African campaigners root for policy support, technology to ease cervical cancer burden

By Xinhua
On 13 February 2024 at 09:09

The fight against cervical cancer in high-burden African countries will be won through deliberate policy realignment, investment in technology and public education, health campaigners said Monday.

Speaking at a forum in Nairobi, the Kenyan capital, the campaigners noted that addressing policy gaps while expanding access to screening, treatment and palliative care will help reduce caseload and deaths linked to the cancer of the cervix.

Kenya is hosting a week-long meeting bringing together policymakers and health advocates from 13 African countries to discuss new tools that should be adopted to re-energize the fight against cervical cancer in the continent.

The meeting was convened by FIND, an international health lobby that advocates for equitable access to diagnosis, the African Cervical Health Alliance and KILELE Health Association, a Nairobi-based health advocacy group.

Patrick Amoth, acting director-general for health at Kenya’s Ministry of Health, stressed that high-impact interventions including policy reforms, sufficient funding and scaling up vaccination will ensure that cervical cancer is not a threat to Africa’s public health security.

"We need to harness new tools, data and roll out community-centered interventions as we embark on the journey to declare the continent free from debilitating impacts of cervical cancer," Amoth said.

In Kenya, cervical cancer is the leading cancer among women of reproductive age, with over 5,000 new cases and 3,000 deaths being recorded annually, Amoth said, adding that vaccination against the human papilloma virus (HPV) targeting adolescent girls has accelerated to help avert new infections.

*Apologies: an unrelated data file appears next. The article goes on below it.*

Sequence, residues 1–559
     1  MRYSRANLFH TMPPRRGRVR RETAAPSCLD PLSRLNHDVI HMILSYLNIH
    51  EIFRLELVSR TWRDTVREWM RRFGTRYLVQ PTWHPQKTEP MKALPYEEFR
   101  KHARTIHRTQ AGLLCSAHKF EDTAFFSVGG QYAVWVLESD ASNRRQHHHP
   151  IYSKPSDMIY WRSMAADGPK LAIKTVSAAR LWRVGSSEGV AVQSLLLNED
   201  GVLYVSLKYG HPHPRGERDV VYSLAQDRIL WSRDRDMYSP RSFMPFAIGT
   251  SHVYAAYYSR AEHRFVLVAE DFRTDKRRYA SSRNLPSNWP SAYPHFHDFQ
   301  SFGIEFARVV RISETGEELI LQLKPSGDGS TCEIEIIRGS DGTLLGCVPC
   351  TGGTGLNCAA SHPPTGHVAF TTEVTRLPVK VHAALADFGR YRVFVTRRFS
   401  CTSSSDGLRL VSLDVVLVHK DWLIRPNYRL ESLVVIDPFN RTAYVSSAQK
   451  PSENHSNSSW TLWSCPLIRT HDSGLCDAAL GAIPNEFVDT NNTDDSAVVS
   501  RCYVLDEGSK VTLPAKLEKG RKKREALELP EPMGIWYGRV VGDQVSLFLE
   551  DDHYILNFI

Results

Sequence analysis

Joseph Ndung’u, the regional director of FIND, said health policies in Africa should be aligned with targeted cervical cancer prevention, treatment and long-term care for patients in hard-to-reach areas.

Benda Kithaka, the executive director and founder of KILELE Health Association, said African countries should prioritize training of health workers, grassroots advocacy, investments in high-impact diagnostic tools and affordable treatment to reduce cervical cancer cases and deaths.

According to Kithaka, 19 out of the 20 countries bearing the highest burden of cervical cancer globally are found in Africa, necessitating the urgency to roll out mass vaccination and screening.

Maud Mwakasungula, the chairperson of Malawi’s Non-Communicable Disease (NCD) Alliance, said that African governments should empower community health workers with knowledge and digital tools to help them identify new cervical cancer patients and put them on treatment.